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Ways of Seeing: Gray days are a good time for making plans

It’s early March, when the gray skies and “mixed precipitation” always put me into a restless and dreary state of mind. Seems like a good time to augment the mood by writing about death.
Until now, I have succumbed to the cultural taboo against talking about death or preparing for death. It’s morbid. It’s sad. Nobody wants to hear it. If you talk about dying, it might happen! I don’t want to think about it. So I haven’t.
But if my husband and I both died suddenly, our three children would be in a real mess. They probably couldn’t get access to our bank accounts, retirement accounts or insurance policies. They wouldn’t know whether to bury or cremate us or what to do with our property and our stuff. They would spend hundreds of hours trying to figure things out, and probably thousands of dollars on lawyers’ fees.
This is not a “gift” I want to leave my children. So I am going to get my act together now, in the gloomy gray days of March, before the whole world is chirping with new life and death will be the farthest thing from my mind.
First I’m going to buy an accordion file. Then I’m going to label the sections. Then I will put papers (originals or copies, I’m not sure) in them. Here’s how it will go:
1)      THE BASICS. The wills, the living wills, the power of attorney forms. One article I read recently said 57 percent of adults do not have a will. And of those from 45 to 64 years of age, a shocking 44 percent do not have a will. Including me and my husband!
2)      PROOFS OF OWNERSHIP. Deeds to property, titles to vehicles. For whatever the kids would want to do with the house and cars, they’ll need the documents.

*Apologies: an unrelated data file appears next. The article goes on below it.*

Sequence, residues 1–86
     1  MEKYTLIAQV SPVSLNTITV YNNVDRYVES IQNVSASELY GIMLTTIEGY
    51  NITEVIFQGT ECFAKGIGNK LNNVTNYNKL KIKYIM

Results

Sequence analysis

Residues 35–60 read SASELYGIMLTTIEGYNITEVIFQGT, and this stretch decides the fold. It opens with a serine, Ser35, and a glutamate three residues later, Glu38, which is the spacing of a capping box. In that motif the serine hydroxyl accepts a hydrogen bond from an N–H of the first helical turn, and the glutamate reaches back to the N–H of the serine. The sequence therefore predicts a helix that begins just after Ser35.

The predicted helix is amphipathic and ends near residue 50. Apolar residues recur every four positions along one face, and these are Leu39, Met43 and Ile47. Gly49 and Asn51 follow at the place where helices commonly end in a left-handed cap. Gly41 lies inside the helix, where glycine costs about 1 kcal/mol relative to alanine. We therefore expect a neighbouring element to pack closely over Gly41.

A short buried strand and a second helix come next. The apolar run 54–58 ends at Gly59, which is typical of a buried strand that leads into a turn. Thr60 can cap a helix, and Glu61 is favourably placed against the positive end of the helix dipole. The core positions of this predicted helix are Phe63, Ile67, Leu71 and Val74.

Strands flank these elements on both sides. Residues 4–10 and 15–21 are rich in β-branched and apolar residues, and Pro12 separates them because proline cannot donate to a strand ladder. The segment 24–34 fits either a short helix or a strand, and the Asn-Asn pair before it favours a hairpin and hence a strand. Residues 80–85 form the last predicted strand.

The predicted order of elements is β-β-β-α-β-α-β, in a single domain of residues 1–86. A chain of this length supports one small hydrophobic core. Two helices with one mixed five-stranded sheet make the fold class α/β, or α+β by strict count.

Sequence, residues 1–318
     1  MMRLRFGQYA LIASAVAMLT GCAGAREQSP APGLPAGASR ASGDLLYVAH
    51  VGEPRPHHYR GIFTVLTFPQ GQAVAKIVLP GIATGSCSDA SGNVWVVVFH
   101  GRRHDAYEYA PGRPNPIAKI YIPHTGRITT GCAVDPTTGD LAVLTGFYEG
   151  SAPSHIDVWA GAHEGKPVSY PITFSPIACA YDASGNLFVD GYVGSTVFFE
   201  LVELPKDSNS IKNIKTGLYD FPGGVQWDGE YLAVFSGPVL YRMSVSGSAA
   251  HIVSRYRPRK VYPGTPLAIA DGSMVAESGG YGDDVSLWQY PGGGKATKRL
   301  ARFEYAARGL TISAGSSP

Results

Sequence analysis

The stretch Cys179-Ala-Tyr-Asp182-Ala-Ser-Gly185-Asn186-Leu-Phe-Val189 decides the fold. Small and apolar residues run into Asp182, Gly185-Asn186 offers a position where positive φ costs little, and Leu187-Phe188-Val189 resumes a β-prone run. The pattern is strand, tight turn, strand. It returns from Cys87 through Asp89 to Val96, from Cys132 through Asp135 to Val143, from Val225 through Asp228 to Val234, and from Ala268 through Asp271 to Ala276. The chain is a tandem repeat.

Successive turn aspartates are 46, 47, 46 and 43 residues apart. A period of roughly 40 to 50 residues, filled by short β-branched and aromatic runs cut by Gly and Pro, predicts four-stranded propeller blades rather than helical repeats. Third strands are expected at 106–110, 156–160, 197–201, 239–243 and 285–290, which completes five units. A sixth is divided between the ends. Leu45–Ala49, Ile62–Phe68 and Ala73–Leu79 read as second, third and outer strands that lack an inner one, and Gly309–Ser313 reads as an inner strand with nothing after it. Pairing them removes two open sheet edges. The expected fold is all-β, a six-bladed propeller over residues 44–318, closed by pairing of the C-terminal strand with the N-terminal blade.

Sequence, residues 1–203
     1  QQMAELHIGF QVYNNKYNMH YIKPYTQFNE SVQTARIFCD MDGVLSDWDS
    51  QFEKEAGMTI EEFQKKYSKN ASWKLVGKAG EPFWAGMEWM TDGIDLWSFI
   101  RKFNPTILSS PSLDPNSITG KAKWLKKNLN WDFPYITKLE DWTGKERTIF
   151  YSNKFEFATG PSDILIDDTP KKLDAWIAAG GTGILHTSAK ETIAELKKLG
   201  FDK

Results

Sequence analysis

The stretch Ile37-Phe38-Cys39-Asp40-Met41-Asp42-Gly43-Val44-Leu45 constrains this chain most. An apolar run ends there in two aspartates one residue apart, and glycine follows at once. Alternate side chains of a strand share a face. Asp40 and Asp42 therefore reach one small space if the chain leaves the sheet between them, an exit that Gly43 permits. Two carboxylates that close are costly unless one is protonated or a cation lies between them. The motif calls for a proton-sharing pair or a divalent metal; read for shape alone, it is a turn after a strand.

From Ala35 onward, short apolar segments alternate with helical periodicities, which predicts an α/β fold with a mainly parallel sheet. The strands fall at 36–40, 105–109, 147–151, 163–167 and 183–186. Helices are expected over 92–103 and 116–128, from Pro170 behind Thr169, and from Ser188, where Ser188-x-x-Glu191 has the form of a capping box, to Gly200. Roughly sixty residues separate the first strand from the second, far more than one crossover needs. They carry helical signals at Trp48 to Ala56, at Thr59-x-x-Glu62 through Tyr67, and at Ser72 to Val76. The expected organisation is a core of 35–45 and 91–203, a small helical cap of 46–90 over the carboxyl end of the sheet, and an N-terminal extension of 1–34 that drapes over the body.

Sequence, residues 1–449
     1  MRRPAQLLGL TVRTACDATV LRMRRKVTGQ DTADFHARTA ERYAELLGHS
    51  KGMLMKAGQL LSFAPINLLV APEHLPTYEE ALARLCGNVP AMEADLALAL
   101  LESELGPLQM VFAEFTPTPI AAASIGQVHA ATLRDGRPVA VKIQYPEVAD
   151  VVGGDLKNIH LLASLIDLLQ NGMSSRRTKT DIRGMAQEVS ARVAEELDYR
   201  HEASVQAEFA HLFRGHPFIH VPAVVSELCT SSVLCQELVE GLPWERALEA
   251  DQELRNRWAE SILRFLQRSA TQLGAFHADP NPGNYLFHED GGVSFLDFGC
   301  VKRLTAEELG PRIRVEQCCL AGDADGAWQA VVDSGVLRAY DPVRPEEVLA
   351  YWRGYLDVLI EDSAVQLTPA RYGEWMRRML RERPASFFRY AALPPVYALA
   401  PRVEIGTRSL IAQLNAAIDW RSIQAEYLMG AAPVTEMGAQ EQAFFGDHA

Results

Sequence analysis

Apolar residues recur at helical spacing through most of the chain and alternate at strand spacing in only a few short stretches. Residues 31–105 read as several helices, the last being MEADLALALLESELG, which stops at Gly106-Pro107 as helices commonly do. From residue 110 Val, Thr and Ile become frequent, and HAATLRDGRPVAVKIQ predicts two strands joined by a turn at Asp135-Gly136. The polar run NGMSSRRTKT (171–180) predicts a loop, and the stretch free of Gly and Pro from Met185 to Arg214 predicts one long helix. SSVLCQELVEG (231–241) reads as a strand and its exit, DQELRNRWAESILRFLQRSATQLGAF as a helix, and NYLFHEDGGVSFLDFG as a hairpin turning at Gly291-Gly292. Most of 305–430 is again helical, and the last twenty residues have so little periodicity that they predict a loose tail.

3)      BANK ACCOUNTS, RETIREMENT ACCOUNTS. Documentation for all bank accounts, retirement accounts, and other sources of income with account numbers and contact people. Our executor will have to contact these people and send death certificates to some.
4)      HEALTH CARE. List of all doctors with phone numbers. List of any medications, in case we’re not dead, but severely in need of care. Maybe the living will or advance directive would go in here, too.
5)      INSURANCE. Health, home, auto, and life insurance policies — the name of the carrier, the policy number and the agent associated with the policy. Some policies have cash value, and others will need to be canceled. I recently read that states hold billions of dollars in unclaimed life insurance payments, because it’s not the insurance company’s job to find the heirs of the deceased; it’s the job of the heirs. Without information about the policies, it can’t be done.
6)      TAX RECORDS. I remember that it was useful to have a couple of years’ income tax records when my mom died.
7)      WISHES AND DESIRES. What to do with our physical remains? What about a memorial service or celebration of life? Friends to notify? Where should any stuff be donated that the family doesn’t want? What charities or organizations would we like to support?
There, I’ve got a plan. Seven categories. About a dozen documents to take the mystery out of dealing with the remains of our life. I might not even need an accordion file. It might all fit in a manila envelope.
Finally, perhaps the most difficult task, my husband and I will sit down with all the kids and talk about our preparations for death.
I hope the kids won’t be thanking us for a good many years, but when the time comes, I know they will.
Abi Sessions is a retired educator with three grown children and three grandchildren. She lives in Cornwall with her husband, Bill.

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